Zhang Ziyi (House of Flying Daggers) 02/08/2009Posted by chillinaris in Beautiful, Movies, People, Pictures, Uncategorized.
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Who is Zhang Ziyi?
Zhang Ziyi (also known as Ziyi Zhang) is China’s most famous and talented actress, you have seen her in Crouching Tiger Hidden Dragon, Rush Hour 2, Hero, and Memoirs of a Geisha. She has dazzled audiences with her powerful acting, martial arts grace, and stunning beauty. Her most recent action film to be released in the US was House of Flying Daggers. But Zhang Ziyi is not just an action star, she has won praise for her performance in the romantic drama 2046, and she won China’s most prestigious acting award for her role in Jasmine Women. In 2005 Ziyi made Memoirs of a Geisha, her first major Hollywood role. Her latest released film is The Banquet, a Chinese historical drama. Upcoming are The Horsemen and Mei Lanfang. For information on all her movies, check out the filmography.
In addition to being an actress, she is a natural model and is basically the most beautiful woman on earth, so be sure to see the pictures.
We have a large collection of video clips, head over there for highlights from her movies, commercials, and TV appearances. Make sure you see her awesome Matrix-insired Visa commercial “Dining Out” if you haven’t already.
About her name
You might wonder why she is called both Ziyi Zhang and Zhang Ziyi in the press. Chinese names differ from Western names in that the family name (Zhang) comes first before the personal name (Ziyi), hence in China she is named Zhang Ziyi. That is how she has been known for most of her career. But when a Chinese comes to the west, they usually reverse their names to match the western convention, in which case her name becomes Ziyi Zhang. She has asked the Western media to refer to her as Ziyi Zhang from now on, but half the time she is still called Zhang Ziyi. Her friends just call her Z.
Zhang Ziyi was born the 9th of February 1979, in Beijing, China. Her father worked as an economist and her mother was a kindergarden teacher. After some friends were expressed concerned she that was too frail, her parents encouraged her to take up dance and gymnastics to build up her strength.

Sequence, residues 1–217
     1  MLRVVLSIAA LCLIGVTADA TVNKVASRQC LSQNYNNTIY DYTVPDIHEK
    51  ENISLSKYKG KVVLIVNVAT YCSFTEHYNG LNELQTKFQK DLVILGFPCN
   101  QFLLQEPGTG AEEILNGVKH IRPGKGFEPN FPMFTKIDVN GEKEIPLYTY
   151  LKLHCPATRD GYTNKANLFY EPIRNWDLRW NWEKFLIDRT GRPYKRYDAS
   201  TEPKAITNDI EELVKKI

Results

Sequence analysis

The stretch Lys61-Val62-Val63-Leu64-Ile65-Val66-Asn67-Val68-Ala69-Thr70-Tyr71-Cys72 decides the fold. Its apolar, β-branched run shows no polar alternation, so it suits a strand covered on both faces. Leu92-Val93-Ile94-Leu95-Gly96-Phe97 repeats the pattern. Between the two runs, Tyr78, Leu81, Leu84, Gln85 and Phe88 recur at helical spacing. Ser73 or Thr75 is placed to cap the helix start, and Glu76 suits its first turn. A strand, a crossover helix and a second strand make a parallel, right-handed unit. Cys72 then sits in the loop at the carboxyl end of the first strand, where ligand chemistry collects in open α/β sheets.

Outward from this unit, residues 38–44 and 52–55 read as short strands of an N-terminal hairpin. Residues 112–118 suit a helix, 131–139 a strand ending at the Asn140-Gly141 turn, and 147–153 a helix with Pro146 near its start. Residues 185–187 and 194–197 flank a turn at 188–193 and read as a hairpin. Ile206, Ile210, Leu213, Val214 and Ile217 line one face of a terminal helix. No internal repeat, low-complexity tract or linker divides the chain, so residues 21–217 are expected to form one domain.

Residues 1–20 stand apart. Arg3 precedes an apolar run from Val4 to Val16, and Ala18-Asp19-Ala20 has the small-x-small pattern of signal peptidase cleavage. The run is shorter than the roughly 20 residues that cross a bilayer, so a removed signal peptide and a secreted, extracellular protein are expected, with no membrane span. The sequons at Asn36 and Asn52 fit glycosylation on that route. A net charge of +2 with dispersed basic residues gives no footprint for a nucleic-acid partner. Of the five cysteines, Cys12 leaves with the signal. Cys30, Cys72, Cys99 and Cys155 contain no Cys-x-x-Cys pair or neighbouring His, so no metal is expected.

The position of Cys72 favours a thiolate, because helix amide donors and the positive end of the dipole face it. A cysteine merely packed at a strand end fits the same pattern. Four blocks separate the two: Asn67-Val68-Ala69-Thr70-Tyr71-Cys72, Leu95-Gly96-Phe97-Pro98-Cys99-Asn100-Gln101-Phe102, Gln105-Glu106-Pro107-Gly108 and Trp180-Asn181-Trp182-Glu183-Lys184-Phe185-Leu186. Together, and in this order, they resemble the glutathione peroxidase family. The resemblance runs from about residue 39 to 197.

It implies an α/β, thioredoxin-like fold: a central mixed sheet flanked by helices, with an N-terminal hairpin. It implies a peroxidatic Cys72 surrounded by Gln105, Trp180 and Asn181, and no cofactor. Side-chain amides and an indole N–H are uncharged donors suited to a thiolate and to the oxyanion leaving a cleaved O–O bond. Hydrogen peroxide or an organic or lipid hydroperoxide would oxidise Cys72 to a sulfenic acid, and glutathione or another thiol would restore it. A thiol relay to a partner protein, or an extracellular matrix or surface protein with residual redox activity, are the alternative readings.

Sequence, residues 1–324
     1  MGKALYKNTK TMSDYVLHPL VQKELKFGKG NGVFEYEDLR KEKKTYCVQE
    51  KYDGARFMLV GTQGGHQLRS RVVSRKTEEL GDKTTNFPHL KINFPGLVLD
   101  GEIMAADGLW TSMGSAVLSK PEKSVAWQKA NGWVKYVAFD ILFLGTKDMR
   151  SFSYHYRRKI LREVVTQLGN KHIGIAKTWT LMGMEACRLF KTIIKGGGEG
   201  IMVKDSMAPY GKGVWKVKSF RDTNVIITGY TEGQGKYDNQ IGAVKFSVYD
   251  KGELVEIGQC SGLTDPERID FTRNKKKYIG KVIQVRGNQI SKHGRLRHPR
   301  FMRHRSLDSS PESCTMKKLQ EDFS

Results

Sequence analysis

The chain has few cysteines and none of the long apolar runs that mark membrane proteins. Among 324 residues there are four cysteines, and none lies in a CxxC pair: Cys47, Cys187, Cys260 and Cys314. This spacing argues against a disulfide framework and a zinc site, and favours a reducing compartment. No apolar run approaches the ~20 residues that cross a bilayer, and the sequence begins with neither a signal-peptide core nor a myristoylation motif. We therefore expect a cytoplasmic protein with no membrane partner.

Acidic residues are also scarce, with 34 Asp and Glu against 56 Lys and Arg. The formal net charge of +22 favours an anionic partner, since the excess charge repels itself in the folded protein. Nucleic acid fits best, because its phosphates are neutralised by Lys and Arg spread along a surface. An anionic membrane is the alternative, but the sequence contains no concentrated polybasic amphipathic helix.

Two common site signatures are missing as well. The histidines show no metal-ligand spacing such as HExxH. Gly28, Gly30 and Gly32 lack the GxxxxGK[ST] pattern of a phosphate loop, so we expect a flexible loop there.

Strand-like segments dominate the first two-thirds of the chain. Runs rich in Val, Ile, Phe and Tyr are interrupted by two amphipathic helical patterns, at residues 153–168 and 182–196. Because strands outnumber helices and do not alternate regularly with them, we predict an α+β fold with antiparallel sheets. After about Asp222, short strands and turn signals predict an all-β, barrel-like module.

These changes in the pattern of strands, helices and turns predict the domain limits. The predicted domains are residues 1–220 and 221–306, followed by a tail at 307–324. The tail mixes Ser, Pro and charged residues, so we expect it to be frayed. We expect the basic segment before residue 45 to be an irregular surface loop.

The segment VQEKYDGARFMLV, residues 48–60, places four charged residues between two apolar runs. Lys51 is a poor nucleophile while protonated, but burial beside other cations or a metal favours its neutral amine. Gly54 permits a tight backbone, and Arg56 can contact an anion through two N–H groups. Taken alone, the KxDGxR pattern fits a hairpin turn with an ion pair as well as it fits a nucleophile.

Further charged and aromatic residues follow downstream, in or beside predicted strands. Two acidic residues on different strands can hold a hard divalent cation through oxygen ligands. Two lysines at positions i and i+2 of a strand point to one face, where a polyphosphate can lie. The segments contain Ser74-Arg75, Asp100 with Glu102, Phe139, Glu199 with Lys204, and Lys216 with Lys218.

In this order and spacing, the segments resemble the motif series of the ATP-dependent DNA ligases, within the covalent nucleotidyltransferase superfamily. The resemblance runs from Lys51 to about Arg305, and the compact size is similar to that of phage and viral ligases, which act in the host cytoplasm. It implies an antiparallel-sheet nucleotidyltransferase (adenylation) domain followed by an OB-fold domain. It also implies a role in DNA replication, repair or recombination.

So before Zhang Ziyi became an actress, she spent years training in traditional Chinese folk dance, first in elementary school at the Xuanwu District Children’s Palace, and later at the prestigious Beijing Dance Academy. Ziyi eventually won the Performance Prize at the 1994 Taoli Cup National Youth Dance Competition.
In each video below, the dance she performs is representative of the traditional style of one of China’s ethnic minorities. I believe the first two videos are from early rounds of the 1994 Taoli Cup competition or possibly 1993, although I am not certain of it. The Peacock dance video is from the finals of the 1994 competition.
Even though a career in dance seemed promising for Ziyi, she became frustrated with the art by the time she was 15, and opted to persue acting instead.
She therefore enrolled in the Central Academy of Drama in Beijing, where she received her dramatic training. It was at this time that she made her first movie, Touching Starlight. She also made two commercials, for China Mobile and Beijing Liquor, and appeared in a music video by Xie Xaodong. (You can find these at the bottom of the videos page.) Soon after, Ziyi got her big break. She auditioned for a shampoo commercial, directed by Zhang Yimou (one of China’s most renowned directors). The director of many successful films, he used the commercial as a way to audition actresses for his upcoming film.
For her first major film, The Road Home, director Zhang selected Ziyi from thousands of applicants to play Zhao Di, a young girl who falls in love with the new teacher who has come to her town in rural China. The Road Home won the Jury Grand Prix Silver Bear at the 2000 Berlin Film Festival. ZZ won the prestigious Hundred Flowers award for her performance.